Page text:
Frequently Asked Questions
What is Valley Fever?
Valley Fever is the common name for the parasitic fungal disease coccidioidomycosis. Updated statistics show that Valley Fever causes symptoms in over half of the people who are infected (Cole GT, Xue JM, Okeke CN, Tarcha EJ, Basrur V, Schaller RA, Herr RA, Yu JJ, Hung CY. A vaccine against coccidioidomycosis is justified and attainable. Med Mycol. 2004 Jun;42(3):189-216). While a few will not feel sick, most will have symptoms including fever, rashes, headaches, severe abscesses and lesions in nearly any part of the body. Valley Fever can even kill its victims through pneumonia and meningitis in its worst cases. Please see our Symptoms Page.
Who can contract Valley Fever?
Any person or mammal can contract Valley Fever, regardless of age or health. It has been an epidemic in humans for years. All it takes is inhaling one spore.
How can I contract Valley Fever?
Infection is caused by inhaling the fungal spores of Coccidioides spp. (C. immitis or C. posadasii). All anyone has to do is take a breath where these spores are airborne. The spores are approximately the same size as anthrax spores and the wind can carry them up to 500 miles from their source. (Dr. Arthur DiSalvo, Dimorphic Fungi). The spores can come through ventilation systems or can be inhaled outdoors whether in the city, country, or desert environment of an endemic region. These spores become parasites in your lung and can spread through the bloodstream. From there they can go virtually anywhere in the body. This spread from the lung is called dissemination.
An infection can also be caused if Coccidioides spores enter an open cut or wound. This is known as a cutaneous infection, but is far less common than when spores are inhaled.
Is Valley Fever contagious from person to person, animal to person, or person to animal?
It can be passed cutaneously between open wounds but this is a rare event that happens most often to medical professionals or to people handling deceased animals. It has also been passed from donated organs to the organ recipient, resulting in death in some cases. Although some donated organs are checked for Valley Fever, mistakes can be deadly -- especially considering that all organ transplant patients are already at a greater risk for dissemination because of the immune deficiencies caused by the transplant process.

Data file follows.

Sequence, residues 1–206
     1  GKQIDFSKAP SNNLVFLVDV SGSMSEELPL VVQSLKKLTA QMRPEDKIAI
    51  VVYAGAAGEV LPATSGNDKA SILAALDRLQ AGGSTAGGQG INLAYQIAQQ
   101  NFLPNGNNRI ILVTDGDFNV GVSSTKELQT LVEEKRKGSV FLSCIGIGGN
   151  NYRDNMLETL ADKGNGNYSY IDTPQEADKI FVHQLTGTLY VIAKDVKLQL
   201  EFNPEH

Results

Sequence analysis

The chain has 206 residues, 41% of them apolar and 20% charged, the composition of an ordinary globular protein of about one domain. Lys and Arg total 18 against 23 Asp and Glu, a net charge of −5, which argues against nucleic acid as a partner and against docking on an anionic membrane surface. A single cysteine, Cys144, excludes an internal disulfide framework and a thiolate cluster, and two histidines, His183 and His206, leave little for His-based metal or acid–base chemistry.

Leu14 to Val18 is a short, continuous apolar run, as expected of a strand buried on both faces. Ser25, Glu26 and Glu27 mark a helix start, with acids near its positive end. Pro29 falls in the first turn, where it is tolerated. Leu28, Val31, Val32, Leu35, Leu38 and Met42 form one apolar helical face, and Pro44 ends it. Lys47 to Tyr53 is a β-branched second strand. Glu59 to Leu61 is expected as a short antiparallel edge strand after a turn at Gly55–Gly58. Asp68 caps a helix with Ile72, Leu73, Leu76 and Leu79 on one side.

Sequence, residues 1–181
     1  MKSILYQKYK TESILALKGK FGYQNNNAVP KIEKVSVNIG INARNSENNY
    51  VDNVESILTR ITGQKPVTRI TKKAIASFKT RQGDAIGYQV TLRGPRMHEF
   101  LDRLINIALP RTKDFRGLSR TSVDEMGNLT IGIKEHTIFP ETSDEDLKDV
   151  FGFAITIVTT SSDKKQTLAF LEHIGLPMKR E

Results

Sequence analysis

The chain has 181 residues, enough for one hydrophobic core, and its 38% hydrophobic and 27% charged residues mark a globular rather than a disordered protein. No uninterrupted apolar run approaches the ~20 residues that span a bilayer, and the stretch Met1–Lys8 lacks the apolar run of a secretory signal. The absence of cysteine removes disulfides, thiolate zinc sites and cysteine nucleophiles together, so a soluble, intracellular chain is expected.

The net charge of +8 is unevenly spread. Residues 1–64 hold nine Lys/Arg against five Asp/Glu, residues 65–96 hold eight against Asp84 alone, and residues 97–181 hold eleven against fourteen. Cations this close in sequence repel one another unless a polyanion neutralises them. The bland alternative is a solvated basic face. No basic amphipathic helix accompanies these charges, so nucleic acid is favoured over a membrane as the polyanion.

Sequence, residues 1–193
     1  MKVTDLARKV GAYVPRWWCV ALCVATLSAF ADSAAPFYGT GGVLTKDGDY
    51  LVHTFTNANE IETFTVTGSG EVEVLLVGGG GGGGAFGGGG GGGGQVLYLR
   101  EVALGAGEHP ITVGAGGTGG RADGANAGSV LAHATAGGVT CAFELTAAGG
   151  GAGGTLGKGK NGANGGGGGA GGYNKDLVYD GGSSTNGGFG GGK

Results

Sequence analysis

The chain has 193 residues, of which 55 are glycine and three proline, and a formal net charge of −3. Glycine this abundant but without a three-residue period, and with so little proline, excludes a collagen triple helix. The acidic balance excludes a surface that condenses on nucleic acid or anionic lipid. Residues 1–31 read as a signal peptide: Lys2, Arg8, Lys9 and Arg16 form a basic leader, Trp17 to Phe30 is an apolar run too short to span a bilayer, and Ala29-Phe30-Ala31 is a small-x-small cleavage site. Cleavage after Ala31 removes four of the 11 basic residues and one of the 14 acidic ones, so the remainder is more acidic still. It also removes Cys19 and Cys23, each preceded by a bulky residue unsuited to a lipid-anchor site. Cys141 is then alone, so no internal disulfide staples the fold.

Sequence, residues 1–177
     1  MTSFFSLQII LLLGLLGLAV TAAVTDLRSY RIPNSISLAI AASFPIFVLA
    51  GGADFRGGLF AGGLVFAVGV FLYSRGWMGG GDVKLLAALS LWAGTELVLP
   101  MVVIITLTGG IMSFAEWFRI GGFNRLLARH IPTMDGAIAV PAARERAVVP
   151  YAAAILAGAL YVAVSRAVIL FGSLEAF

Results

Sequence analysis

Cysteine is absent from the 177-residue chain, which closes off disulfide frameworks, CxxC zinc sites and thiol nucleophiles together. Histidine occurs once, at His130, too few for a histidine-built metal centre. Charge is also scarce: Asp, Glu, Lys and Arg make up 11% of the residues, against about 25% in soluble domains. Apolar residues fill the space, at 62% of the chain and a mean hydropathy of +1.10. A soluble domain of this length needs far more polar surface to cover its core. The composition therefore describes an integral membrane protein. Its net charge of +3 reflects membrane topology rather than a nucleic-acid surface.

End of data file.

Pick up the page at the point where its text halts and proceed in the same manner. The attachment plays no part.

We are also unsure about the safety of the blood supply. Valley Fever disseminates through the bloodstream to other parts of the body, and people who donate blood may not be aware of the fungal spherules in their blood at the time. It is not known whether donated blood with Coccidioides in it can infect the recipient. We have not been able to locate any research to confirm or deny this possibility and the American Association of Blood Banks admits they do not test for this disease.
How many ways are there that a person or animal could contract Valley Fever?
There are four confirmed ways to be infected and an unconfirmed fifth possibility:
No. Once a person or animal has contracted Valley Fever, the infection remains for life. Even if you were infected but lucky enough for your infection to become dormant, there is a risk that the disease can activate or reactivate at any time in your life to require surgeries, cause chronic illness, and possibly result in death.
Is there a vaccine for Valley Fever?
The Valley Fever Vaccine Project and Dr. Cole at the UTSA are each working on vaccines. However, they are facing budgetary difficulties. Find out how to donate to them through our Links Page.
Where can I contract Valley Fever?
The fungus that causes Valley Fever is found in the United States in Arizona and California primarily, but also in Texas, Nevada, New Mexico and Utah. See our Map and History Page. It can be also found in northern Mexico, parts of Central America and parts of South America.